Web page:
Two nights ago it finally hit me that this tour is going to happen. I sort of had it blocked off in my mind, but two nights ago I realized that it's a reality and the end result was a bout of insomnia and I went to sleep just moments before the sun was scheduled to crack the horizon. On that night I began to think of each moment of the journey, and all the potential issues that could come up, I thought of my presentations I'd give, and I even started planning out the fuel stops across Texas. It was a never ending process of thought that wasn't even broken as I slept as even in my dreams I thought about the tour.

In 2012 I had an entire month of races to flag before my tour and that broke up my ability to obsess on what was coming (and breaking a few ribs at a race in Nashville helped too) and as I look at my calendar I am thankful that once next week comes I become rather busy with presentations in Saint Louis, and then Hannibal and Union next week then the following week will have me back speaking to students, then to a major Saint Louis company and then it's off to a race, then back just in time to drive to southwest Missouri to speak to the majority of students in a town down there (SUPER EXCITED!!!) and then off to Lancaster, California to flag a karting street race and then... well then it's time to hit the road and start the tour.

While the proverbial stakes are higher than when I was in school and worrying about writing assignments the feeling is the same as every moment is dedicated to thinking about it. There are moments of respite, however, and those moments are so great. I always try and make what I'm experiencing into something useful and here I'm going to say that, when something pops up like I'm feeling right now there isn't an off switch and this constant processing and thinking on a subject isn't by choice. It's as if there's a giant magnet in my brain that is drawn to whatever it is that I'm thinking about and it's hard to break the attraction.

Anyway, that's where I am now and while I'm talking about my tour I am hoping that by next week I can give you the finalized scheduled. Once October comes I'll be fine, but the lead up is going to be one filled with a level of anticipation that will be on par with, well, it'll be in a league in it's own because I have never been this excited for something in my life.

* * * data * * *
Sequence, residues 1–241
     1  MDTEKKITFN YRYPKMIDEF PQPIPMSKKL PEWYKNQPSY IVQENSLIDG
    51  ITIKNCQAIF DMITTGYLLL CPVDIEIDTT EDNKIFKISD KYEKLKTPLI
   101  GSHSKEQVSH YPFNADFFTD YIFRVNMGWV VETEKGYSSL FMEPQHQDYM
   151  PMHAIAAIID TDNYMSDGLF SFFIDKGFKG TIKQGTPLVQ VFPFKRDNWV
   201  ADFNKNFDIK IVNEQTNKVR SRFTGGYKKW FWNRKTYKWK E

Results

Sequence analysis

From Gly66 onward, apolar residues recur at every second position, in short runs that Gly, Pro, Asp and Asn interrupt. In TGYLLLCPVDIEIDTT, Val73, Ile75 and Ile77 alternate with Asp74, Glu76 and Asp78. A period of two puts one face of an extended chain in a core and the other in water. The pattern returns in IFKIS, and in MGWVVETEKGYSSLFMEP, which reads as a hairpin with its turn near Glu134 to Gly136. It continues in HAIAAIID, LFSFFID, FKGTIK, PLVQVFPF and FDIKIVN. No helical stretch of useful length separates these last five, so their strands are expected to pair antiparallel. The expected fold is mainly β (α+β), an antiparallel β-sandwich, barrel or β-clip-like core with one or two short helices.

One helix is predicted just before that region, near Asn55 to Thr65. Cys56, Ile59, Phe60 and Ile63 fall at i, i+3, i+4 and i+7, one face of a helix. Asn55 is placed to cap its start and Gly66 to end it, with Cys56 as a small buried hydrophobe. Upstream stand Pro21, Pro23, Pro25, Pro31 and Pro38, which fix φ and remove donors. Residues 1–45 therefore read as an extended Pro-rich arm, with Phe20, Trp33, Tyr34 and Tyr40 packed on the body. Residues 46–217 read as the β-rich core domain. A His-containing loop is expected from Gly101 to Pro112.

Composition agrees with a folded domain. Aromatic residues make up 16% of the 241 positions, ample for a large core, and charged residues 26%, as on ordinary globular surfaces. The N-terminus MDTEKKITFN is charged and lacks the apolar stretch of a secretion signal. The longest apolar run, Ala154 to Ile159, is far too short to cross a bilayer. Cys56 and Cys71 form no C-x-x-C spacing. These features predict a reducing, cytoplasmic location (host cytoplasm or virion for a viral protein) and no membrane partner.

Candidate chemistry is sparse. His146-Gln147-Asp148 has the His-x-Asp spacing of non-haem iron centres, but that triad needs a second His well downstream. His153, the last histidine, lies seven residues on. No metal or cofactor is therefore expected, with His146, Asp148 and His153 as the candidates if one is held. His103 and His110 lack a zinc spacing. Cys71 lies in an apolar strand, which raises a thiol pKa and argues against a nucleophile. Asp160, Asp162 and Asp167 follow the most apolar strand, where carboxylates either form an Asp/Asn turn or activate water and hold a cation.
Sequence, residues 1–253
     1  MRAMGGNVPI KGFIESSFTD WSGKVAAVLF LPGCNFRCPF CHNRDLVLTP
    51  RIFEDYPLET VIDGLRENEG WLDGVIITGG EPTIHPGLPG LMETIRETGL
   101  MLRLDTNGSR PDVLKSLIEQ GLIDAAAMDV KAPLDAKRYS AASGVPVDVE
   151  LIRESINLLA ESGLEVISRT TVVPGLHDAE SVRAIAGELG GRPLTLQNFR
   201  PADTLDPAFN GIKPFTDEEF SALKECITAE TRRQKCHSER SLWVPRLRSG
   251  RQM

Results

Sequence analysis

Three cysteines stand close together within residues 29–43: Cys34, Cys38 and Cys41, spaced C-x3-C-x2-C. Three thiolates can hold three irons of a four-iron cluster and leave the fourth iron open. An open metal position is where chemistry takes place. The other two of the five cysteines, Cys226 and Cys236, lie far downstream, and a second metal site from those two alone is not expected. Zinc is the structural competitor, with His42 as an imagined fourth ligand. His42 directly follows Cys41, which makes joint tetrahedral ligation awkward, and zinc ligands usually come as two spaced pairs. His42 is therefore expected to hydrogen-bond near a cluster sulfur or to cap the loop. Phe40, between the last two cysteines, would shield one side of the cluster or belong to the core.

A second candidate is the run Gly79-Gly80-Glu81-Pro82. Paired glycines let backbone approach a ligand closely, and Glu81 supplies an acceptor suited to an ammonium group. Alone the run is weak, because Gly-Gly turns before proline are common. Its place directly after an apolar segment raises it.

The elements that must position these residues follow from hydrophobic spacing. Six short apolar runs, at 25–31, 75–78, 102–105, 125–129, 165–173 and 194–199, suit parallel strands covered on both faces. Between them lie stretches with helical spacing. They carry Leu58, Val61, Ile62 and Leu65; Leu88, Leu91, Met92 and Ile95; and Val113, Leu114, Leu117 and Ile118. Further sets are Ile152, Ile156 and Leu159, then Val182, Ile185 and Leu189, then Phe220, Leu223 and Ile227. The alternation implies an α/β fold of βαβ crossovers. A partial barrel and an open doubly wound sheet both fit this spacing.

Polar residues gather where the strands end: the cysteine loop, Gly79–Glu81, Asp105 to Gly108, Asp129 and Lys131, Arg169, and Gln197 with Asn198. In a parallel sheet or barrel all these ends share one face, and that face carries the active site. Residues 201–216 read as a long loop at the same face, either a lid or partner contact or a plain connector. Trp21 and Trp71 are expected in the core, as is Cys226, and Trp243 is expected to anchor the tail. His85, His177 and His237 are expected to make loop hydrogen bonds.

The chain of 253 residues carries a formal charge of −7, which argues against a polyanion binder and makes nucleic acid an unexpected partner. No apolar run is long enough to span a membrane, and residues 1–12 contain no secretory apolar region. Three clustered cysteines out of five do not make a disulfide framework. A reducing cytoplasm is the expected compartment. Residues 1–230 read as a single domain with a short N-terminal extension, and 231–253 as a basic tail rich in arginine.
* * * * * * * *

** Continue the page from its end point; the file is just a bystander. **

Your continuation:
Tuesday, September 3, 2013

National Tour 2013

Ever since the final moment of my 2012 nationwide tour I have been dreaming of the chance to do it again and come October I will! So here, today, I am announcing that indeed there will be a national tour next month and here are the locations that I will be. One thing to note about this is that these locations are tentative at this point in time which is why I am offering no specific dates, times, or addresses. Hopefully within a week I will be able to do so, but as of today I'll only be mentioning the towns:

Fort Wayne, IN
Chicago, IL
Milwaukee, WI
St. Paul, MN
Lincoln, NE
Austin, TX
Houston, TX
San Antonio, TX
Phoenix, AZ
Las Vegas, NV
Orange, CA
Irvine, CA
Saint Louis, MO

As things become solid I will share the dates and the goals of this tour as this is more than just presentations open to the public which is an aspect I am quite enthusiastic for.

Looking at the list of towns I am somewhat in awe because all this will be done in just one month! Also, there will be multiple presentations in a single day so this is shaping up to be my busiest month ever! Because of the hectic nature of a nationwide tour, once again, my friend Rob from Vancouver will be coming down to join me on this journey across the land.

Once again, this is a tentative schedule and is by no means set in stone. A town could possibly be added, or a town might be taken off, but hopefully soon I can give you the finalized schedule.